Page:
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It is said that functional analysis is just infinite dimensional version of linear algebra. However, I am quite puzzled by this statement since we are mainly doing analysis on it. Another question is that why we want to define topology on vector space, is it because we can let the function to be continuous so that we can gain some benefit from it, e.x. the continuous map of a compact set is bounded. In other words, what we really care is just mapping itself regardless of the topology

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One way to understand why we'd want a topology, especially a metric, or a norm, or an inner product, on an infinite-dimensional vector space ... is that the infinite-dimensional vector space is a naturally-occurring space of functions of a particular sort, perhaps functions on an interval $[a,b]$ on the real line. For use, we'd want to be able to take limits (in that metric or topology) and be sure to stay in the same class of functions. For example, a good norm on continuous functions on $[a,b]$ is $|f|=\sup_{x\in[a,b]}|f(x)|$. It is a standard exercise that a Cauchy sequence of continuous functions (with respect to the metric $d(f,g)=|f-g|$) has a limit which is also a continuous function.

Similarly, but often more subtly, vector spaces of other types of functions can often be given metrics or other topologies so that they are suitably complete, or, oppositely, we find reason to take the completion with respect to a "good" metric. An example of a very good metric is that coming from an inner product, such as $\langle f,g\rangle=\int_a^b f(x)\overline{g(x)}\,dx$ for functions on that interval. If we start with continuous functions, the space is not complete, but we can take the completion, to get the Hilbert space $L^2[a,b]$. Linear operators on a Hilbert space have spectral theory strongly resembling that in finite-dimensional linear algebra, but, unsurprisingly, with some complications. But, in many useful situations, there are orthonormal bases consisting of eigenvectors/eigenfunctions for a given (nice...) operator.

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  • $\begingroup$ Thanks for your answer. What I mean is that if we define the topology to serve the mapping or not?e.x. To make it continuous? $\endgroup$ – 89085731 Jul 8 '17 at 23:04
  • $\begingroup$ Like we restrict the range of the space for fixed point theorem $\endgroup$ – 89085731 Jul 8 '17 at 23:05
  • $\begingroup$ The true answer is "it depends". With various natural mappings among spaces of functions, sometimes we topologize one or more with the exact purpose to make the mapping continuous, yes. Sometimes we want a certain topology on the vector space, and there is some conflict with continuity of operators ("unbounded operators" such as $d/dx$ on Hilbert spaces such as $L^2[a,b]$) and the operators may not even be definable on the whole space...Many possibilities. $\endgroup$ – paul garrett Jul 8 '17 at 23:21
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When passing to infinitely many dimensions, topological (hence analytical) notions become much more important. According to a classical theorem in introductory functional analysis, every finite dimensional topological vector space over the complex field is linearly homeomorphic to $\mathbb{C}^n$, where $n$ is the dimension of the vector space in question. Afterwards, it is usually proven that a linear mapping from $\mathbb{C}^n$ to any topological vector space is always bounded, hence continuous.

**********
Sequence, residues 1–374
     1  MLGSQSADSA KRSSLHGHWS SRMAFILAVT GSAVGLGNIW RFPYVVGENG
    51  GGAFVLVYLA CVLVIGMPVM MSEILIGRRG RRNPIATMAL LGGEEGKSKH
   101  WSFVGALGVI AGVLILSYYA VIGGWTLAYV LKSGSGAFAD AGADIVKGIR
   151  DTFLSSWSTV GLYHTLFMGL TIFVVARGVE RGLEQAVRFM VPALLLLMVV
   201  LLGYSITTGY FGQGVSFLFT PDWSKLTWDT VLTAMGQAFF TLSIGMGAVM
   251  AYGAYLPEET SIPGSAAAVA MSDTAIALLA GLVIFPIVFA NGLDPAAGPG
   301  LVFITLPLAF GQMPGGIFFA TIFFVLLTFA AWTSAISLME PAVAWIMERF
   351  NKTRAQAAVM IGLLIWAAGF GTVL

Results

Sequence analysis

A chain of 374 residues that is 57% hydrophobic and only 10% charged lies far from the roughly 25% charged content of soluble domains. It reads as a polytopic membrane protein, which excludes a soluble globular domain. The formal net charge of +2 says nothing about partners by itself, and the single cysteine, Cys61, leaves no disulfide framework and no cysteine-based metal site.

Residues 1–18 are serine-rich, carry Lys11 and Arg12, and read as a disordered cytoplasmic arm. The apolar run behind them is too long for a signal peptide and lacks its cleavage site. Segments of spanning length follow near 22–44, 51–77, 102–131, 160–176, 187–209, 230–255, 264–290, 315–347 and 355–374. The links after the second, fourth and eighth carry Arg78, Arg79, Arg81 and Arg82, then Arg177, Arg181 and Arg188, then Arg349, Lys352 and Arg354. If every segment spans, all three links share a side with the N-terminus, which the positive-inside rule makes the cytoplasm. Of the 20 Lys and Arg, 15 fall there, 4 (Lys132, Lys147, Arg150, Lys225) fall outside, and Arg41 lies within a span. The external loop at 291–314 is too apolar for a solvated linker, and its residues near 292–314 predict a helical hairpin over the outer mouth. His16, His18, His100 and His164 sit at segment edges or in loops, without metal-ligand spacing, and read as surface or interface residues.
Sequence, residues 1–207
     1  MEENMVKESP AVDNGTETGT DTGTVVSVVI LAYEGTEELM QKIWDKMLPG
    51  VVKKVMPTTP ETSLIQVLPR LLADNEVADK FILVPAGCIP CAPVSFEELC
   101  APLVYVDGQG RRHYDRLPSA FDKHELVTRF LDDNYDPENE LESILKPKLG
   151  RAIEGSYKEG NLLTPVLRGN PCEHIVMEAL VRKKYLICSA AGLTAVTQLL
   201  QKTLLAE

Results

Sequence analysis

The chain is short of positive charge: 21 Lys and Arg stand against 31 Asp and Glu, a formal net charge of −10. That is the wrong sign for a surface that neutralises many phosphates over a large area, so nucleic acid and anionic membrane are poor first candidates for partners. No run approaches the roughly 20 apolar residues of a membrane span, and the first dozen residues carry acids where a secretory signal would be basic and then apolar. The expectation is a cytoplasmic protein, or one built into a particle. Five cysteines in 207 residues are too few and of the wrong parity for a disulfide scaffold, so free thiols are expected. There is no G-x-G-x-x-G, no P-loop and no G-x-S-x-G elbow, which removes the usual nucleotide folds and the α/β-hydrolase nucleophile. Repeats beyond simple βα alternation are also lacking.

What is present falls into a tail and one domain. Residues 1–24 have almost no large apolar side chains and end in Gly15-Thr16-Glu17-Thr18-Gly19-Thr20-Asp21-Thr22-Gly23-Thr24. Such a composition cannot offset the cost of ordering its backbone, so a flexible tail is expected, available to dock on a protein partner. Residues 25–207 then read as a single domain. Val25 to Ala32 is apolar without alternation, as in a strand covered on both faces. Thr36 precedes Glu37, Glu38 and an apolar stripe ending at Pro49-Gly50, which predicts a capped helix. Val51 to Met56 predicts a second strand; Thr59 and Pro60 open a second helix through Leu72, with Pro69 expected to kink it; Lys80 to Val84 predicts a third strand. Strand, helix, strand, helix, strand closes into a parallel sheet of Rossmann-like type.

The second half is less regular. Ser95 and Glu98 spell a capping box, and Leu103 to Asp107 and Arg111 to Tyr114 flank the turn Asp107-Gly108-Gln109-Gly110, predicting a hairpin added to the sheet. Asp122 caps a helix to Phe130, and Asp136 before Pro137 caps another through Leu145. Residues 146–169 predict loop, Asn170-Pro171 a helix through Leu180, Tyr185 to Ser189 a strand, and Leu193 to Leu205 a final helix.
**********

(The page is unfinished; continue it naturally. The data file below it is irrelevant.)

Therefore, if you consider only finite dimensional spaces, you gain nothing by assuming continuity. In the infinite dimensional case, however, there exists many discontinuous linear mappings, especially linear functionals. The study of conditions to ensure a sufficiently large supply of bounded linear functionals leads to the notion of local convexity and the theorems of Hahn-Banach. Another example is compactness of linear operators: if we restrict ourselves to finitely many dimensions, every linear mapping is in fact compact. In spectral theory, one discovers that compactness is the key to the desirable spectral properties of matrices known from linear algebra. In my opinion, this fact is why people often think of functional analysis as infinite dimensional linear algebra.

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Topology gives a notion of convergence and approximation. In this way techniques of finite-dimensional vector spaces can be brought to bear on the infinite-dimensional, provided there is some way to approximate elements by finite linear combinations of some set of vectors. And linear mappings can be studied through approximation, provided the linear mappings are continuous with respect to the topology. Dual space elements can be studied if one restricts to continuous linear functionals. One of the earliest developments in this regard was the characterization of a continuous linear functional on $C[0,1]$ as a Riemann-Stieltjes integral with respect to a function of bounded variation, which Riesz discovered in the first decade of the 20th century, at least a decade before a definition of a general topology.

Notions of compactness on function spaces provided a useful and important means by which to understand Fredholm's original work on integral equations, and that was the motivation behind the definition of a compact operator, even before notions of General Topology had been developed.

Topology and continuuity provide approximation and convergence, and that's why topology is so critical in studying infinite-dimensional spaces.

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